One thing everyone who does a DNA test should know is that these companies don’t share the results. The only results you see are from others who have tested with the same company. So if you test on Ancestry and I test on MyHeritage and we are related, you won’t see it. We have to use the same company, which is why the Adoption folks recommended we do as many as possible. I have also uploaded our results to GEDMatch, FTDNA, and Geni which are free matching services.

It would be nice if there was a shared database somewhere just for adoptees and relatives searching. One can only wonder how many connections are missed because people don’t understand that information is not shared.

Another note is that a lot data in the data bases is user driven, so if it is entered incorrectly you may not see it. You really need to look and be patient when going through your research results. I personally can get lost in it for hours. You have to get into the details of the records.

I will forever be grateful to MyHeritage for starting me on this journey. I find it the easiest of the three of I have to use. If I hadn’t taken that one step back in 2018 to order the test we would be where we are today. I don’t for a single second regret it. Everyone has a right to know their story, no matter what the government says.

If you are out there and wondering if doing a DNA test will help you, I say yes. Even if you aren’t adopted the results can be interesting. I found out I was related to my sister-in-laws ex-husband and a co-worker. There are fun little things like that in your results as well.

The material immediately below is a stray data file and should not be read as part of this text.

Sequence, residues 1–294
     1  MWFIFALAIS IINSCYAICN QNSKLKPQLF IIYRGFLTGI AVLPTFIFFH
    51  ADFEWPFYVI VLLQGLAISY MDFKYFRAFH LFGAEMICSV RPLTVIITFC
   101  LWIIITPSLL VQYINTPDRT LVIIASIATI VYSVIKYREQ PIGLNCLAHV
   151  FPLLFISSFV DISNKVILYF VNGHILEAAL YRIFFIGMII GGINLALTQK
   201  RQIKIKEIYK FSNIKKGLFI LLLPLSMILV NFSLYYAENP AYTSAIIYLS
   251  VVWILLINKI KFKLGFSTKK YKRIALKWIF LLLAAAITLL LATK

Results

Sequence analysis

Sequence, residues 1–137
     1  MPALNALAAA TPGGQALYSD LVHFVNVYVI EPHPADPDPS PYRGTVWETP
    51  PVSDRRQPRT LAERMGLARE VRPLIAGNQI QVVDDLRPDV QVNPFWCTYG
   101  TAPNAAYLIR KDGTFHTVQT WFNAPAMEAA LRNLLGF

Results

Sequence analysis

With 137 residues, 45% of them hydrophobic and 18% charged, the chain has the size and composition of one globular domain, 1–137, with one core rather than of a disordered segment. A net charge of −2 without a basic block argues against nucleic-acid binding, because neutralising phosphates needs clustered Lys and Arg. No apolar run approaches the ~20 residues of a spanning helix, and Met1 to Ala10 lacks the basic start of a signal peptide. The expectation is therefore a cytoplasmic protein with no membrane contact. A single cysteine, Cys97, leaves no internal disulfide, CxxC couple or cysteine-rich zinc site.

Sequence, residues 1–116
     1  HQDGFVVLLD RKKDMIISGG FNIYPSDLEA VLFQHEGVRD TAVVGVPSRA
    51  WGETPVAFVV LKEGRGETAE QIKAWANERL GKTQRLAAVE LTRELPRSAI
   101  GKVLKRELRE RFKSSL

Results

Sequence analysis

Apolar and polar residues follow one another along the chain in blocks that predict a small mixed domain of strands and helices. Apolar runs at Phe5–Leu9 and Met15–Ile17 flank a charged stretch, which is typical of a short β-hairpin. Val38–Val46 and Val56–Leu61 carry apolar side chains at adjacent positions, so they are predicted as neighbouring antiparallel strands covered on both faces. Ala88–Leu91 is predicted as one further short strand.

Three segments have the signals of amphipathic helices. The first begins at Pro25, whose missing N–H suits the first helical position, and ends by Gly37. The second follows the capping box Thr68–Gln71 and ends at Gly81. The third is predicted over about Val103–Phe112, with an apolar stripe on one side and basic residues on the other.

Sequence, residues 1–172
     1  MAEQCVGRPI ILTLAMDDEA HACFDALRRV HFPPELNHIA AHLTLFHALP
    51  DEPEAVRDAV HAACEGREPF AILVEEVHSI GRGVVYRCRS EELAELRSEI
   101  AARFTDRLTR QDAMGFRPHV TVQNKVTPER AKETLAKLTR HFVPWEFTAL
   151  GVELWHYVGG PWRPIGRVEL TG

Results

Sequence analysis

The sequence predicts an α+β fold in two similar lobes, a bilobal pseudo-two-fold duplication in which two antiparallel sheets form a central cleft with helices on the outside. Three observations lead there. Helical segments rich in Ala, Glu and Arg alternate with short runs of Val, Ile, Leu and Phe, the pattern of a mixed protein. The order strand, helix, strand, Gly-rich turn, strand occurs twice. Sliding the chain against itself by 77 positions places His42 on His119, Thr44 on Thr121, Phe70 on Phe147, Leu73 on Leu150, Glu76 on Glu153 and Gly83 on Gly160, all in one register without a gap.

Road Trip – Moncton and Saint John

We go to New Brunswick quite a bit. Normally we don’t get much beyond Moncton so for this trip we decided to switch it up. It had been 27 years since we visited Saint John and we figured it was probably time to go back.

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We started the trip at the Hotel Casino New Brunswick.

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I had a free room there so it was as good a place to start.  Our room was fabulous!

We ate supper at the Hub City Pub. The food there is always excellent!

After a fun night at the Casino we got up early to head to the Fundy Coastal Drive route. The drive to Saint John isn’t that far from Moncton, so we decided to take the scenic route and see as much as we could.

Our first stop was the world famous Hopewell Rocks, one of the many places along the Bay of Fundy where you are able to experience the world’s highest tides. At low tide you can literally walk on the ocean floor. We were there at mid-tide.

From there we headed to Cape Enrage, stopping from time to time along the way to take in the beautiful scenery.

Then off to the Fundy National Park.

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From there we went to Saint John where we had a room booked at the very nice Chateau Saint John.

Once we were settled we set out to explore the downtown area. It really had changed since we were last there.

During the drive my husband had mentioned something about a ferry between New Brunswick and Nova Scotia. I had never heard of such a thing, but figured why not look it up. Turns out he was right (don’t tell him I said that, it’ll go to his head!). Seeing as how it was something we had never done before and there was a possibility that we could see whales during the 2.25 hour trip we booked it. Any opportunity I get to maybe see a whale, I am in!

I couldn’t have been more surprised at how nice it was. It was well worth what we paid and I would do it again. We didn’t see any whales, but the scenery and views were still spectacular.

After landing in Digby we headed straight for home, we had a long drive ahead.

Saint John surprised me. I am so happy we went and I think next time we will do more than a one nighter. I really would like to go whale watching out of Saint John. We’ve done it out of Digby and it was awesome, I can only imagine off of Saint John would be just as good!

Our Newfoundland Visit – Days 3 and 4

Days 3 and 4 of our Newfoundland trip were amazing!

As luck would have it my husband’s cousin and his wife offered to spend the day taking us to the places we wanted to see.

They saved us renting a car and we got to see so many things we wouldn’t have known of otherwise!